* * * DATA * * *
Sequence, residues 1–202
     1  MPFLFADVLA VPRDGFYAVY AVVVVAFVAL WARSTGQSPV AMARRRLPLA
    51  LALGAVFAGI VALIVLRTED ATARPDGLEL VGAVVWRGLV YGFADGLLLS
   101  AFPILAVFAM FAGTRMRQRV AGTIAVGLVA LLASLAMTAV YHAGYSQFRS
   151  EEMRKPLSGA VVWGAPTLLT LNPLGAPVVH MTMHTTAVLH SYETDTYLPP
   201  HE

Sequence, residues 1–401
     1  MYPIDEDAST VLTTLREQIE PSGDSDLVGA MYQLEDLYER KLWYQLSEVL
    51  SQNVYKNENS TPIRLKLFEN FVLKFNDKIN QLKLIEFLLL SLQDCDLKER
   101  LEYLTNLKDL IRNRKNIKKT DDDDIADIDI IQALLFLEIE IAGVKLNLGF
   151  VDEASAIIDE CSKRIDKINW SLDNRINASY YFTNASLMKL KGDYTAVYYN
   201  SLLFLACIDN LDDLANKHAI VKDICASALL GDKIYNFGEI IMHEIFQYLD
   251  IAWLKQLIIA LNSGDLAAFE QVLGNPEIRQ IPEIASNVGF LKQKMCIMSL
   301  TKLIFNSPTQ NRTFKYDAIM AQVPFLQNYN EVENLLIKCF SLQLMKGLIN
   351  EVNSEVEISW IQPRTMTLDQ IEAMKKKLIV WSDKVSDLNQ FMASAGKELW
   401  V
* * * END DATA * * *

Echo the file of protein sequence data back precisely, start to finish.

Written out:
Sequence, residues 1–202
     1  MPFLFADVLA VPRDGFYAVY AVVVVAFVAL WARSTGQSPV AMARRRLPLA
    51  LALGAVFAGI VALIVLRTED ATARPDGLEL VGAVVWRGLV YGFADGLLLS
   101  AFPILAVFAM FAGTRMRQRV AGTIAVGLVA LLASLAMTAV YHAGYSQFRS
   151  EEMRKPLSGA VVWGAPTLLT LNPLGAPVVH MTMHTTAVLH SYETDTYLPP
   201  HE

Sequence, residues 1–401
     1  MYPIDEDAST VLTTLREQIE PSGDSDLVGA MYQLEDLYER KLWYQLSEVL
    51  SQNVYKNENS TPIRLKLFEN FVLKFNDKIN QLKLIEFLLL SLQDCDLKER
   101  LEYLTNLKDL IRNRKNIKKT DDDDIADIDI IQALLFLEIE IAGVKLNLGF
   151  VDEASAIIDE CSKRIDKINW SLDNRINASY YFTNASLMKL KGDYTAVYYN
   201  SLLFLACIDN LDDLANKHAI VKDICASALL GDKIYNFGEI IMHEIFQYLD
   251  IAWLKQLIIA LNSGDLAAFE QVLGNPEIRQ IPEIASNVGF LKQKMCIMSL
   301  TKLIFNSPTQ NRTFKYDAIM AQVPFLQNYN EVENLLIKCF SLQLMKGLIN
   351  EVNSEVEISW IQPRTMTLDQ IEAMKKKLIV WSDKVSDLNQ FMASAGKELW
   401  V